Aiken Technical College
"Aiken Tech was great for me because I was able to pick up night classes and choose a schedule that worked for my life."
My name is Kambre Curry. I am a single parent and have a 15-year-old daughter. I didn’t get into EMS until I was 32, when I had a semi midlife crisis. I realized I hated what I was doing at the time and decided to go back to school and do something in healthcare. I came to Aiken Tech in 2014, and now have my advanced EMT degree.
How did you decide to pursue EMT?
I graduated high school in 1999, and loved animals so I worked at boarding facilities for animals and a couple veterinary offices. Ultimately, I ended up working in the research department at Augusta University Medical Center. My department oversaw the healthcare and welfare of research animals. It got to the point I didn’t enjoy going to work anymore, but my mom was like, “Don’t quit your job. You’ve been there for 10 years.”
I was speaking with one of my former coworkers who had quit to become a firefighter. I looked into the EMS program at AU, and when I found out that Aiken Tech offered an Associate’s Degree along with the program, I decided to come here
What pushed you to take that next step?
I had been promoted several times at AUMC, and reached a point where I couldn’t move up until a supervisor left. There were several instances where our management and rules were changed. That pushed me out.
After my mom told me not to quit, I laid in the bed listening to the eleven o’clock news. There was an article on the news about a shortage in EMS that night. That was the sign I needed. Within a couple of months, I enrolled in Aiken Tech.
Was higher ed on your radar at that point?
My mom is wonderful, but she wasn’t that type to steer me into a career or to talk to me about what I wanted to be when I grew up. Going to college after high school just wasn’t something on my mind at age 18. I worked throughout high school jobs at Walmart and McDonalds, and realized that wasn’t something I wanted to do for the rest of my life. My dad worked in the research department at the VA hospital. That’s how I got into that world.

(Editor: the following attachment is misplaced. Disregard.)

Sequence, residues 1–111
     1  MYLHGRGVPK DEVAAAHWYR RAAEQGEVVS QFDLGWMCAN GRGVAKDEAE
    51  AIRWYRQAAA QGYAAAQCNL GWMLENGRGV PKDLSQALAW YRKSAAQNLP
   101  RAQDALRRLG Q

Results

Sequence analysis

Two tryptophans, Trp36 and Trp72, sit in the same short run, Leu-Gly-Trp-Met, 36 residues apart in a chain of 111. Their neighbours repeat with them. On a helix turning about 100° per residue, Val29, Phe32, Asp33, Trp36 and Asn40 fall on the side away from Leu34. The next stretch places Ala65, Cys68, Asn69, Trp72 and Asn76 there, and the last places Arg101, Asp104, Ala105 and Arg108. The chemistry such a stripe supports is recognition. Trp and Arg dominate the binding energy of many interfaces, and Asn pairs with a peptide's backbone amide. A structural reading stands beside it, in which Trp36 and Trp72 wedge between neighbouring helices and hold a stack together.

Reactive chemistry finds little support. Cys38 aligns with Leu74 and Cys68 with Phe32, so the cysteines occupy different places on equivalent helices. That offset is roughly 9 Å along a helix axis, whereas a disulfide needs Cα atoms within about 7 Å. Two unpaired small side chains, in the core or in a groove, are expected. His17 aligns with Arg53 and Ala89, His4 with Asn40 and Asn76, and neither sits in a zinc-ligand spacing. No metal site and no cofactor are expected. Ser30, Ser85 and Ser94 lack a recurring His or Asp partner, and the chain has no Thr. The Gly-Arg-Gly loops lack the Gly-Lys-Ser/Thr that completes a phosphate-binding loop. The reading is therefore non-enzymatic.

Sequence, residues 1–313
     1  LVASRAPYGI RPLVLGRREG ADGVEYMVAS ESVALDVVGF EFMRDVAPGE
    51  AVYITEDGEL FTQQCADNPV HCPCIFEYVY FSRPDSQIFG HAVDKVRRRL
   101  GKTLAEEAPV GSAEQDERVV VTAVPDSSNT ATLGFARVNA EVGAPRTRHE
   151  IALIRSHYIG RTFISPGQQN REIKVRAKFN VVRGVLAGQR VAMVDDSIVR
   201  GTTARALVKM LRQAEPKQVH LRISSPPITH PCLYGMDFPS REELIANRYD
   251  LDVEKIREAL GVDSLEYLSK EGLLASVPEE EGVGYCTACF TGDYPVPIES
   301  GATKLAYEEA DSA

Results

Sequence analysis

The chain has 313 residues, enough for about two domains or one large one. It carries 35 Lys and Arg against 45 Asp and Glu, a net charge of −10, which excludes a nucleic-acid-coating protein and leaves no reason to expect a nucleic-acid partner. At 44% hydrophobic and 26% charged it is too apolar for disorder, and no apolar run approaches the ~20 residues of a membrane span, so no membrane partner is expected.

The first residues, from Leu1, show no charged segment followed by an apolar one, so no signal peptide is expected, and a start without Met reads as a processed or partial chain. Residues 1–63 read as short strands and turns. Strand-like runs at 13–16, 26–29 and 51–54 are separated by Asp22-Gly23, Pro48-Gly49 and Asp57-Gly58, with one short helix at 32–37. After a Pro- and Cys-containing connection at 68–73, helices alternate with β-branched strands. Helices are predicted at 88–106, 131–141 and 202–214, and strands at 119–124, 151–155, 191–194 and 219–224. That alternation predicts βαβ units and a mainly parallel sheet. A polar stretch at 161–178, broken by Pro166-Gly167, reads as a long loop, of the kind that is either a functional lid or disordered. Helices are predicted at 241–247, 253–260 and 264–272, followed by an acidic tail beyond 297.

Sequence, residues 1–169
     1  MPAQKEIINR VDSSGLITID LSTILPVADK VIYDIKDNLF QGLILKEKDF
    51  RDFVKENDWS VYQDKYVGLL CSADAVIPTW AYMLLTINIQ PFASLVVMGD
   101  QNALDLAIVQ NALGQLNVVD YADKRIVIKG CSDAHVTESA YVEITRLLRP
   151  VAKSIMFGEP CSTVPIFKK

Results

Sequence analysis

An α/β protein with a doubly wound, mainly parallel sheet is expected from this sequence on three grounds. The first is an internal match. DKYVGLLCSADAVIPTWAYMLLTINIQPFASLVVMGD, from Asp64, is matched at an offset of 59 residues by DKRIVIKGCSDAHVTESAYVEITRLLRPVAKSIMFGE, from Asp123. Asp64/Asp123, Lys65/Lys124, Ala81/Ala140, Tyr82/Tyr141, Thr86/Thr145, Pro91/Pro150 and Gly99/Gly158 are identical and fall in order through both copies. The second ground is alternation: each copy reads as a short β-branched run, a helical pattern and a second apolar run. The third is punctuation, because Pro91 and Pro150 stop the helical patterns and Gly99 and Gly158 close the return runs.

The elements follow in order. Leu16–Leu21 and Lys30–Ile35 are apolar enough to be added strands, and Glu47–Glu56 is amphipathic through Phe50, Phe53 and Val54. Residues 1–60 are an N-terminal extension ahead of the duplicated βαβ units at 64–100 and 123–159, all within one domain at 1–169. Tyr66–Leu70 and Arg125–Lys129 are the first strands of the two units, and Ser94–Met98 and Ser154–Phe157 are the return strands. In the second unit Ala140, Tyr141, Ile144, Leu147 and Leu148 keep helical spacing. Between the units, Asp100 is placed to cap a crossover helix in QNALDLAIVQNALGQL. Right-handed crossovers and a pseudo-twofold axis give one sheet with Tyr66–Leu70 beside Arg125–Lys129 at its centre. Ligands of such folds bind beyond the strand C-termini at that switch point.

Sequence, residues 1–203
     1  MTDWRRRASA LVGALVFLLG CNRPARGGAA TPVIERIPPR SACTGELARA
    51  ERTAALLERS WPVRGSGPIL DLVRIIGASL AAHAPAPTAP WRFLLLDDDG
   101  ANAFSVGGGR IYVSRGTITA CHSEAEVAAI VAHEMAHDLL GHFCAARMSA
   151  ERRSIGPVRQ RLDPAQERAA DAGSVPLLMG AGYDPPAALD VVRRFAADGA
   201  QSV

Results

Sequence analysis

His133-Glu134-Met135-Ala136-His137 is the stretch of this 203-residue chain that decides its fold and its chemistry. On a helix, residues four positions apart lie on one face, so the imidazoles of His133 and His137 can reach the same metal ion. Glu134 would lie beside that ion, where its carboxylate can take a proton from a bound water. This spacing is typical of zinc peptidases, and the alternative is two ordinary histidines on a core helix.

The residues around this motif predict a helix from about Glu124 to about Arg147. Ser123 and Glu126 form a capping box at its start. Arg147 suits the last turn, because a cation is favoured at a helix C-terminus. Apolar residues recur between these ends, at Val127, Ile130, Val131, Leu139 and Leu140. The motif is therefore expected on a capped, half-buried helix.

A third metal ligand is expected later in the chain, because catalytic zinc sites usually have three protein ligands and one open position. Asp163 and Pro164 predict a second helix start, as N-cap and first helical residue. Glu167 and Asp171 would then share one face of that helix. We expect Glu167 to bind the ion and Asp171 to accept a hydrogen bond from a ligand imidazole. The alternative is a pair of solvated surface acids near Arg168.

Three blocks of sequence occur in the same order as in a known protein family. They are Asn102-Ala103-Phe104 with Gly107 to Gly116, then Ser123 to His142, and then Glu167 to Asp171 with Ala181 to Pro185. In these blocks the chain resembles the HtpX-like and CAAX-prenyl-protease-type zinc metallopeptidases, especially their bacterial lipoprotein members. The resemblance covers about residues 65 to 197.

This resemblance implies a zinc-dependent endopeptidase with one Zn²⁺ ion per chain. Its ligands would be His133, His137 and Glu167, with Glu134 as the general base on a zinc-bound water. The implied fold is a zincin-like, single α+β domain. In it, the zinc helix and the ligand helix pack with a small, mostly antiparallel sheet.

What’s a misconception you think people have about technical college?
When I was in high school, everyone was pushed to go to university. They said it would look better on a resume. I looked at going to a university simply because of the stigma around a technical college. In reality, technical college is geared towards older adults who have been in the workforce and have families. It was great for me because I was able to pick up night classes and choose a schedule that worked for my life.
What obstacles did you have to overcome on your journey?
My biggest thing was childcare. Like I said, I have great parents and they helped me a lot. I felt a little guilty having to leave my daughter with them during the day or asking them to pick her up at school because I was in class, but I had to work full-time in order to support both of us. Having to work and go to school, come home, be a parent, study, cook, do all of my grown-up things and incorporate being a student — it wasn’t easy. I sacrificed some friends and relationships because I had to change my priorities. Even in the program here, my director, Jonathan Jones, is very supportive. If there was something that came up with my family or outside of school, he would help. I wouldn’t have been able to afford to come here if Jonathan hadn’t helped me get a grant.
What did you learn about yourself along the way?
I learned that I’m pretty resilient. I adapt and overcome.
What advice would you give others on their journey?
To 18-year-old Kambre, I would say go to college right out of high school. Even if you don’t go to a university, pick a community college or a technical college. Pick a major. You don’t have to stick to that major. The world is changing. If you decide you don’t want to be an EMT or a police officer or a radiology technician, you can always change your major. Most of the time, the things that you’ve already done for one degree will go to apply to a different degree.
To older adults, I would say that technical college is a little more convenient for older people with the night classes, and very affordable.